Today I want to share with you why people with AI disease often struggle with depression, anxiety, low mood, mood swings and other mental health issues.
Remember how last week I talked about how a healthy gut is essential to good health: From managing flare-ups in your disease to healing your AI disease? (You can check it out here.)
Well, your gut has more than just a role to play in the inflammatory process….it is actually responsible for making many of your brain’s neurotransmitters which affect your mood! In fact, serotonin, sometimes called the “happy chemical” plays a massive role in mood management. It is “believed to help regulate mood and social behavior, appetite and digestion, sleep, memory, and sexual desire and function.” Not only that but a deficiency is linked to depression. The symptoms of serotonin deficiency include: difficulty sleeping, insomnia, aggression, depression, anxiety, low self-esteem & cravings for sweets or starchy foods.
When you think of the importance of this chemical in the body and your mood, you can believe that having a deficiency is going to totally affect your overall health and mood.
Did you also know that 90% of your body’s serotonin is made in your digestive tract? Doesn’t that make you think how important the health of your digestive tract is to your mood and physical health?
Medication & Serotonin –
Our medical system treats serotonin deficiency with SSRI drugs (they basically prevent serotonin from being reabsorbed into the body so that your serotonin levels stay high). I know there is a time and a place for medications such as SSRIs. You may need to be on them while you heal your gut so that your body can be in a place where you can function. But I’m really hoping that you hear that you can you approach serotonin deficiency more holistically, with the goal of increasing your own body’s ability to make serotonin and keep it elevated long-term.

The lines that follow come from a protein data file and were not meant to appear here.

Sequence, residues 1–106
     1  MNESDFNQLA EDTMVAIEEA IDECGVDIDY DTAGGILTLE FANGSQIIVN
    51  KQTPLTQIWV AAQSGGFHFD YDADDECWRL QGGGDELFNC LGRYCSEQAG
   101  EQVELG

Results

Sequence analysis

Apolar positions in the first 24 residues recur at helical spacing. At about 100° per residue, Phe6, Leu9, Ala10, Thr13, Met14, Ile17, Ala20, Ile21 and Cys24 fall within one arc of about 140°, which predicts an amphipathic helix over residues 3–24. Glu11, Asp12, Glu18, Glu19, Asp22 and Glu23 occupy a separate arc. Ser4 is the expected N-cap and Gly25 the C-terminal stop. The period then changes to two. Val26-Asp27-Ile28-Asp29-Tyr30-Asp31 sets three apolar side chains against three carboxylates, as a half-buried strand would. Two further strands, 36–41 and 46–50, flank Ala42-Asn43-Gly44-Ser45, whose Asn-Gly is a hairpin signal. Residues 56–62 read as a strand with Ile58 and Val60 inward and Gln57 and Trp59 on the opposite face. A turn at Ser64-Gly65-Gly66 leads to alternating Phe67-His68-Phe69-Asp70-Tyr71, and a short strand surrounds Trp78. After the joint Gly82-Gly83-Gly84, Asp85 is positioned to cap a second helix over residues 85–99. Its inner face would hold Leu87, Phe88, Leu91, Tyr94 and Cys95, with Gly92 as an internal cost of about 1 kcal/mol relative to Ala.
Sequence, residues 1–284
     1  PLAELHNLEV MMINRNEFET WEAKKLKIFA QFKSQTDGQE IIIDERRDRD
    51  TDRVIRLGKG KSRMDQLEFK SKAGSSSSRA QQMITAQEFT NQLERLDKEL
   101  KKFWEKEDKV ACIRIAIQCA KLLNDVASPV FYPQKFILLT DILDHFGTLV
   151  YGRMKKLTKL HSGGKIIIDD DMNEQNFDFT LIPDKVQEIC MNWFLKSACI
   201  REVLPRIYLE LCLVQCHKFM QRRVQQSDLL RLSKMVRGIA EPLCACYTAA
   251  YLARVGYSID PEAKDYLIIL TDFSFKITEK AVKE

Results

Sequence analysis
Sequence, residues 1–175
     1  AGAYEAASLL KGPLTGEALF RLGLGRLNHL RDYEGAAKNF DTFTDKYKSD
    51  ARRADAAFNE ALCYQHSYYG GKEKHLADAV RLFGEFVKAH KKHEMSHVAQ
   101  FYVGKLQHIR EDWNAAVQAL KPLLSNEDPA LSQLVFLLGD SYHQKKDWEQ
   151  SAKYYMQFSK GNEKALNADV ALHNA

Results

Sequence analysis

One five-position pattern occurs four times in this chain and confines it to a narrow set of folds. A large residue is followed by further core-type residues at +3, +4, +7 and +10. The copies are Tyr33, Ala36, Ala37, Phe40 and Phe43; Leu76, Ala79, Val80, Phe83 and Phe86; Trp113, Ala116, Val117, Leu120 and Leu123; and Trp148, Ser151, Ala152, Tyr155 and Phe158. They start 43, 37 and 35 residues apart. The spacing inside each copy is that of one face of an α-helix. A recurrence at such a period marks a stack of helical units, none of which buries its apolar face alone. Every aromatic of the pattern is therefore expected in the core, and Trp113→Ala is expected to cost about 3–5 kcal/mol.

How to increase your serotonin naturally –
Not only does exposure to natural light and exercising help improve mood, but healing your ‘leaky gut’ can actually improve serotonin deficiency and depressed mood. You not only need to change your diet, giving your body nutritious, wholesome, healing foods, but you also want to be sure that you remove toxins (whether it be allergenic foods, drugs, parasites, etc.) and create a healthy ecosystem in your gut so that your gut bacteria can make serotonin.
When I developed severe insomnia last year I realized I might be serotonin deficient months later. I ate reasonably healthy but also struggled with chronic joint pain. It wasn’t until I finally clued into the fact that my serotonin deficiency and inflammation where probably linked that I felt excited to know that I could do something to change that! I wasn’t as frustrated either by my lack of understanding of where my symptoms where coming from because now both could be linked to the health (or rather, lack) of my digestive tract. I’m now doing everything I can to heal my gut, provide my body with nourishing & healing foods, removing toxins from my system and supplementing with probiotic and fermented foods. I’ve noticed a huge difference!
My hope for you today is to realize that there is something YOU can do to bring about healing to your body. Long-term SSRIs or anxiety medication use doesn’t necessarily have to be your experience. Neither does chronic inflammation! You can take steps to heal your body, support your mood and reclaim your life!
Keep an eye for an upcoming post on foods to eat to heal your gut! You can also join my 21 day Total Body Reset Detox which gives you some foundational steps to beginning this journey – from reducing toxins in your body, to providing your body with healing foods and probiotics. If you are interested in learning more about how you can heal your body, reduce your anxiety or depression, don’t hesitate to contact me!